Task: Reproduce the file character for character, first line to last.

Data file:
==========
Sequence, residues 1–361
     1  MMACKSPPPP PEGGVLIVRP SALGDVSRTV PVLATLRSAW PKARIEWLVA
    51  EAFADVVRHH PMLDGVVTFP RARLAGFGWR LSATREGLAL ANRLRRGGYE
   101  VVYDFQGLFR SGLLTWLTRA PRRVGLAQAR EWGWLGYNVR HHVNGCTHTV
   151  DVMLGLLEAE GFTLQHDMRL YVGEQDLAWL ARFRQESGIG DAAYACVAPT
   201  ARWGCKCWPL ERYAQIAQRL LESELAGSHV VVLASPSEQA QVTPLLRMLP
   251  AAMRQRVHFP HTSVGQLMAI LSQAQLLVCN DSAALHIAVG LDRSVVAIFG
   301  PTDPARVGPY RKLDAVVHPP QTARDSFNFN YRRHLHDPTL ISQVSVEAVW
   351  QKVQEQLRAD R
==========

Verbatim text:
Sequence, residues 1–361
     1  MMACKSPPPP PEGGVLIVRP SALGDVSRTV PVLATLRSAW PKARIEWLVA
    51  EAFADVVRHH PMLDGVVTFP RARLAGFGWR LSATREGLAL ANRLRRGGYE
   101  VVYDFQGLFR SGLLTWLTRA PRRVGLAQAR EWGWLGYNVR HHVNGCTHTV
   151  DVMLGLLEAE GFTLQHDMRL YVGEQDLAWL ARFRQESGIG DAAYACVAPT
   201  ARWGCKCWPL ERYAQIAQRL LESELAGSHV VVLASPSEQA QVTPLLRMLP
   251  AAMRQRVHFP HTSVGQLMAI LSQAQLLVCN DSAALHIAVG LDRSVVAIFG
   301  PTDPARVGPY RKLDAVVHPP QTARDSFNFN YRRHLHDPTL ISQVSVEAVW
   351  QKVQEQLRAD R